Contrary to much of the mainstream commentary on the November 2002 election, it was very much about ideas—right ones and wrong ones. Shortly after the election, James Howard Gibbons wrote an editorial in The Houston Chronicle entitled “How a Tiny Tribe Won All the Marbles”, a screed about how the forces of evil, i.e., Republicans, won because of the void in the Democratic message as to persuasive policy alternatives. In a letter, I responded as follows:
“My first reaction to this incredible piece was, ‘are you serious?’ Then, I caught myself. Of course. Such is the arrogance of the left in America, which is disdainful of the voice of mainstream Americans and is condescending and insulting to the intelligence of the very ‘have-nots’ whose cause you purport to champion. It is a great example of the kind of snobbery described in Joseph Epstein’s new book, Snobbery: The American Version, as that of the ‘virtucrats’—those who, according to Epstein, ‘are convinced their views are not only correct but morally righteous, and who are the crème de la crème of political snobs’. Keep it up. You and your fellow-travelers will keep the Republicans in the majority for a generation.”
I’m not naïve. This country is still in the condition of political and cultural “stalemate” in many ways, as described by William Schneider last April (see my May 2002 issue), and the right certainly doesn’t have all the answers, but the political left has some problems, and they were brilliantly outlined in a recent essay by Paul Greenberg, part of which follows:
The trouble with the left is that:
*Its first, instinctive resort is to power rather than persuasion, to government rather than to liberty.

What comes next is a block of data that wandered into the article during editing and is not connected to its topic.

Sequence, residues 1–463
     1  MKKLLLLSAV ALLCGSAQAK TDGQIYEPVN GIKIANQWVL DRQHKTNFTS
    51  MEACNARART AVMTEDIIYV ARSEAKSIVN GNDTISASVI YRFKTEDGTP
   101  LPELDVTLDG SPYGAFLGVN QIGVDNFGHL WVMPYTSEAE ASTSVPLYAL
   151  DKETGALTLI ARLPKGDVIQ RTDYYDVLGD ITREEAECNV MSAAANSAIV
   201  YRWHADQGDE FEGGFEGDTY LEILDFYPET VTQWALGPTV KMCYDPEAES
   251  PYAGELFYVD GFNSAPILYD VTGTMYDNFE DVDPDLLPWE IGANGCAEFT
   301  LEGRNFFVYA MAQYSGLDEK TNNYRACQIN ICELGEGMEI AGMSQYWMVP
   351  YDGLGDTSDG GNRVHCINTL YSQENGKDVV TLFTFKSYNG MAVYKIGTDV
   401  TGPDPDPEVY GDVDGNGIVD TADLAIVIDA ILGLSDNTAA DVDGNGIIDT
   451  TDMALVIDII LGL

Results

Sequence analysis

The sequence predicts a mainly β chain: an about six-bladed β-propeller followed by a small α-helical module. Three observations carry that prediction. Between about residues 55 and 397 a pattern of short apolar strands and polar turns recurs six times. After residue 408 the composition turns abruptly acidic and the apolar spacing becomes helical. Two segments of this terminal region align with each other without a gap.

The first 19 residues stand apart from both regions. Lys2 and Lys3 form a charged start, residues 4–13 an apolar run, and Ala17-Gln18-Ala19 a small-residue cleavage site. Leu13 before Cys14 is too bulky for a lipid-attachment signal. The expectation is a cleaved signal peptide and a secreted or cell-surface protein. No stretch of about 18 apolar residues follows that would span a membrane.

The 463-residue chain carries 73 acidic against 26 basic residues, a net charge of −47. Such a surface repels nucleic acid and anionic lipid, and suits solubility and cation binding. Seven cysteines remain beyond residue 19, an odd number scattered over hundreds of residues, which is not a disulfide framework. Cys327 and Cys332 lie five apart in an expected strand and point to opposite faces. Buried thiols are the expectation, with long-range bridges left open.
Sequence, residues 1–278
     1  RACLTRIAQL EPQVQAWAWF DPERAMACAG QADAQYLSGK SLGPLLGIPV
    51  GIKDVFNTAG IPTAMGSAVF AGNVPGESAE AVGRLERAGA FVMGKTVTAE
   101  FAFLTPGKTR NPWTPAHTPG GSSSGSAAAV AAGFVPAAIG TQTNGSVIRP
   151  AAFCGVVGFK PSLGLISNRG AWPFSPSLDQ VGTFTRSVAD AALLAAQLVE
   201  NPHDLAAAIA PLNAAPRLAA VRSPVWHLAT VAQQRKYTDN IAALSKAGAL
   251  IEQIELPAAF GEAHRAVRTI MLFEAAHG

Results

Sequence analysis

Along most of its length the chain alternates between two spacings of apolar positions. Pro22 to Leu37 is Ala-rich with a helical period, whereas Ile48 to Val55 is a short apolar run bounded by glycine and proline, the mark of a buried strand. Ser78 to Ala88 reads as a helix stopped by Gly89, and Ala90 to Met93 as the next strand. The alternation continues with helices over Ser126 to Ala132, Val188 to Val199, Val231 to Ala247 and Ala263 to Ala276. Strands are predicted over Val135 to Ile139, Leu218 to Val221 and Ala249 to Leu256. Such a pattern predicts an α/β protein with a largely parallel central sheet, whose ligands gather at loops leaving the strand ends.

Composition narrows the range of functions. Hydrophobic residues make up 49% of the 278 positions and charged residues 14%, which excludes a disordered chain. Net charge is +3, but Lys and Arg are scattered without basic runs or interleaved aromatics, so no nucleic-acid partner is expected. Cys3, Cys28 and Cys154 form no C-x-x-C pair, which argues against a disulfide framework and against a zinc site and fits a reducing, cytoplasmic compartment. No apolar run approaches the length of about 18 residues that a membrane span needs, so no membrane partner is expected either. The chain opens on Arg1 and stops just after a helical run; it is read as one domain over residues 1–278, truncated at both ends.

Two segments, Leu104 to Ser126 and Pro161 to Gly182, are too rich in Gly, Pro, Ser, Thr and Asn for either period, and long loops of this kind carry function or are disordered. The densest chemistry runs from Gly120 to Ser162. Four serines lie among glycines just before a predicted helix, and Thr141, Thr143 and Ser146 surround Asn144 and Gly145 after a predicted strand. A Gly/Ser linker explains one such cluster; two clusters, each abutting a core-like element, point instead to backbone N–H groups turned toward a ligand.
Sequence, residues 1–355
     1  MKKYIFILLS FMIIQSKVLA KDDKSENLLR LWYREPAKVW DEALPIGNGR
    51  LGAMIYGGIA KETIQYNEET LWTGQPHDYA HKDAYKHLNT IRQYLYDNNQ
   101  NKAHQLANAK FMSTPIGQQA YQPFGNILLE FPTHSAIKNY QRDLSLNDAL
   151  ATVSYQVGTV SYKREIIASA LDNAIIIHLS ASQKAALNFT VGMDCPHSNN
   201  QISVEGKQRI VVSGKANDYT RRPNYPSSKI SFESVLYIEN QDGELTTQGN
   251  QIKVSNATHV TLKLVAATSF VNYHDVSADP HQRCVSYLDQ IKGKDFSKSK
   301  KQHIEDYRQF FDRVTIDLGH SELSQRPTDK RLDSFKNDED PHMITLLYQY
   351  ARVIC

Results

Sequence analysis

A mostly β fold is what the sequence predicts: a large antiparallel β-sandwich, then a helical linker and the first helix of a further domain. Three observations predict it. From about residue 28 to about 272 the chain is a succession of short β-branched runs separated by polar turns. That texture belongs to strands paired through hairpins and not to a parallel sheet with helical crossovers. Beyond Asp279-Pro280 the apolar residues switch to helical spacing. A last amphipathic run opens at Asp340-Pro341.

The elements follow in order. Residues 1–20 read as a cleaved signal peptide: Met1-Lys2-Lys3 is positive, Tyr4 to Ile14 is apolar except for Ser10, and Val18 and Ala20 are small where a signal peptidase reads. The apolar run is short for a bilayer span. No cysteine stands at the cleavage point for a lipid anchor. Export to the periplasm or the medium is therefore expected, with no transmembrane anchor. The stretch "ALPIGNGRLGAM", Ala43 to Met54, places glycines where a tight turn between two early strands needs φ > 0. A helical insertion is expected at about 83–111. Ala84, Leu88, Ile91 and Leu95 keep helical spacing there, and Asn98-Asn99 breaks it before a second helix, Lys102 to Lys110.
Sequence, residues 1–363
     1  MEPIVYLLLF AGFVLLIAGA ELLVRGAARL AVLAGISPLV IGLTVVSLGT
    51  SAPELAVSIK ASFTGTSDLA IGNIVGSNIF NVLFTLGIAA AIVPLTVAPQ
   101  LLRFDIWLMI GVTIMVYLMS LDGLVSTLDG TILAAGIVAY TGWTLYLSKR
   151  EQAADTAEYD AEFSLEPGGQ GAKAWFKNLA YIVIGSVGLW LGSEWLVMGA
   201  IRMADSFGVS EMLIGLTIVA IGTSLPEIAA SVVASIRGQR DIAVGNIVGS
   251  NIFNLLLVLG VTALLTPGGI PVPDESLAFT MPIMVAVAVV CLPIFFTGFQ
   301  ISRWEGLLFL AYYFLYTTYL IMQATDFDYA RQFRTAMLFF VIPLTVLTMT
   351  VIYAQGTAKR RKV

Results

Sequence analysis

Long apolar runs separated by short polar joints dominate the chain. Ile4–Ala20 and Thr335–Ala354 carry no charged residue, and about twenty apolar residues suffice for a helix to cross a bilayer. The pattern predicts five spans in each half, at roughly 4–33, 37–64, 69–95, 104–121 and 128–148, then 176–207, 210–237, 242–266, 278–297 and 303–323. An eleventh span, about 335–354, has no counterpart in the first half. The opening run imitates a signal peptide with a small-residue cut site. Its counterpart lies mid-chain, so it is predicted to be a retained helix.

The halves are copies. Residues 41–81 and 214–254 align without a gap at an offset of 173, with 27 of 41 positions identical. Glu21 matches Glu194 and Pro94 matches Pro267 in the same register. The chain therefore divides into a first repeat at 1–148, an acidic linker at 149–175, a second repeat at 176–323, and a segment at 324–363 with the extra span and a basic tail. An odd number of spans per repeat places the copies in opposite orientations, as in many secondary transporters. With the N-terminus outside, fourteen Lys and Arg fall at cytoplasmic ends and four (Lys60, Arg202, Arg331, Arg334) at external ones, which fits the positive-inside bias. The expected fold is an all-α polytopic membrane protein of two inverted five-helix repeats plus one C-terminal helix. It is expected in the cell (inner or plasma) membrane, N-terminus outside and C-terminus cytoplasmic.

*It has fallen out of love with freedom, and in love with security.
*It has forgotten the power of ideas and thinks emotions, preferably fear and envy, will prove the ticket to success.
*It has come to believe that certain groups need to be privileged on the basis of their race, sex, or class.
*It has a surplus of compassion-often only in the abstract-and a shortage of common sense.
*It is addicted to victimization, and so invites more.
*It has come to prefer spin to principle and sound bites to ideas.
*It has lost touch with its religious roots and imagery.
*It may love the people, but not the individual, who might make choices the government would not approve.”
There is more, but you get the idea.
One election, no matter how decisive, does not constitute realignment. This will come only with a full frontal assault on the premises of the governing paradigm of the left. For this to succeed there should be the recognition that the recent election was decided on ideas, not spin, and that these ideas should now manifest themselves in bold, strategic, and transformational policy initiatives.